There’re No Mutants in Seattle’s “Underground City,” But There’s a Business Lesson There

Just imagine…
A city wiped out by apocalyptic fire.
The survivors rebuild atop its ruins.
For decades, the old city hides quietly beneath the new, no more than an urban legend to modern generations.
Toss in a few mutants and you’ve got James Cameron’s next 3-D sci-fi extravaganza.
But I’m talking about the real deal here — Seattle, Washington.
Fact is, after fire destroyed some 24 square blocks of downtown in 1889, citizens built retaining walls and hoisted an all-new Seattle above the soggy tideflats to avoid old flooding and sewage problems.
This left the original sidewalks and building entrances underground and forgotten — until restoration of historic Pioneer Square began in the 1960s.
Just last week, Deb and I took a tour of Seattle’s surreal subterranean city. We walked through dark passageways that squirm underneath busy modern-day sidewalks and past crumbling 19th century doorways and signage. We got a fascinating history lesson.
And yes, I discovered a business lesson there, too. (Actually, I found three, but I’m only gonna bug you with one of ’em today. You’re welcome.)
Here’s the deal…

A whole crapload of historic treasure lay unexplored, untapped, and
unexploited below Seattle for more than 60 years.
Then a journalist slash columnist slash humorist slash PR dude slash historical preservationist named Bill Speidel decided to spearhead a
campaign to save deteriorating Pioneer Square from the wrecking ball.
Speidel did that by diligently researching the city’s past. And that’s how he discovered the buried ruins of early Seattle.
The result?
Well, for one thing, the old neighborhood was designated an historic district.
For another, Speidel became an entrepreneur. He wrote bestselling books about the city, became a sought-after lecturer, and founded the popular guided walking tour of Seattle’s underground that we enjoyed so much last Tuesday.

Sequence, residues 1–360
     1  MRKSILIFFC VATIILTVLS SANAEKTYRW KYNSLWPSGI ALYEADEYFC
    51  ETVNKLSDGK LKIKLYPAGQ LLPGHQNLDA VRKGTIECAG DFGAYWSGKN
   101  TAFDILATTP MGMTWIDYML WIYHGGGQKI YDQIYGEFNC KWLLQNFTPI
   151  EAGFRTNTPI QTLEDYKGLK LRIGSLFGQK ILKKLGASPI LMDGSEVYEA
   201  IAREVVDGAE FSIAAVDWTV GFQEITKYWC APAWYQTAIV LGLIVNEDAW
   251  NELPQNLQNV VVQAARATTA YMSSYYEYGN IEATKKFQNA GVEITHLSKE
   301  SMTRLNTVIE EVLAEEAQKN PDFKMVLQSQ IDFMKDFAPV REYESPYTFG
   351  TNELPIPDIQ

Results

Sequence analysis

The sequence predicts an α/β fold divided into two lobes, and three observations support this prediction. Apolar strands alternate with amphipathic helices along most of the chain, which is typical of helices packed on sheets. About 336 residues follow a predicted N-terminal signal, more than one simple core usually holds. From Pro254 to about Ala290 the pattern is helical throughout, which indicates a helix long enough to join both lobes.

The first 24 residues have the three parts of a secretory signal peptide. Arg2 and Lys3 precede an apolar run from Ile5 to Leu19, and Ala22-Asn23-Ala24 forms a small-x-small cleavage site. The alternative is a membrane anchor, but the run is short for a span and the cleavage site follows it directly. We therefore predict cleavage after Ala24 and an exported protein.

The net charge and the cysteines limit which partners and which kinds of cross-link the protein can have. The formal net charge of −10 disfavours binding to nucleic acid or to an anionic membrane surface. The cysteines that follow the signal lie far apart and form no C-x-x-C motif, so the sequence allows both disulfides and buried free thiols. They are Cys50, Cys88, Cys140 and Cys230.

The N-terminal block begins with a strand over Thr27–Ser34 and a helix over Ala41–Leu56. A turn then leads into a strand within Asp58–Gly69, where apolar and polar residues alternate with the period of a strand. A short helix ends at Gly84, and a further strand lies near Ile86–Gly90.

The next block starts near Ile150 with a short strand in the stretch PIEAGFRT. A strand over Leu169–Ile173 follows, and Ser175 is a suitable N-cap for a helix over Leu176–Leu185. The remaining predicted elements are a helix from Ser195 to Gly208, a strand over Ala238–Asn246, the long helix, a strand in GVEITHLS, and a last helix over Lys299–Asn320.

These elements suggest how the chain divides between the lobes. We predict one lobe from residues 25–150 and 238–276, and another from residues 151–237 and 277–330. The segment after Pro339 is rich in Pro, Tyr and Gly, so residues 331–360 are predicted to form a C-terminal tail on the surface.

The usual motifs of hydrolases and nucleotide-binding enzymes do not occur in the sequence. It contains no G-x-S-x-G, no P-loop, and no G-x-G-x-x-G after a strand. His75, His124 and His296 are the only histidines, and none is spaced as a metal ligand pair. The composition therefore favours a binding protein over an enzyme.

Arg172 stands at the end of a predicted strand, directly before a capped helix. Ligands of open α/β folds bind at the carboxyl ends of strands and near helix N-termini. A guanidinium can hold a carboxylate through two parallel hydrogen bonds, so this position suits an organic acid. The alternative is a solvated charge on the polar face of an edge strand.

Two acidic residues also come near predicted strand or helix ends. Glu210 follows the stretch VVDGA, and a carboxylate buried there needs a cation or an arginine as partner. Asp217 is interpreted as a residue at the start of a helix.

So I’ve got a couple of questions for you:
First, like the remnants of old Seattle, what treasures — wisdom, knowledge, ideas, contacts — lie unexplored, untapped, and unexploited inside of you?
And second, when are you gonna take advantage of them?
Just wondering.
(Hey, you might even offer your “treasures” to others for a tidy profit. For more info on how to do just that, drop by

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There’re No Mutants in Seattle’s “Underground City,” But There’s a Business Lesson There — 2 Comments

  1. As a belated P.S., I should mention that the very first I heard about the Seattle undergorund came from a 1973 TV movie, “The Night Strangler,” starring Darrin MacGavin as ace reporter Carl Kolchak. In the film, Kolchak traced a series of murders to the ruins beneath Seattle. Actual footage from one of the tours was even used. The movie’s worth a look.

  2. LOVE the gluepot metaphor, Andrea!

    The tour now begins in Pioneer Square at an old saloon called Doc Maynard’s. It might be the same spot, just renamed.

    Oh, and “The Night Strangler” is available on DVD.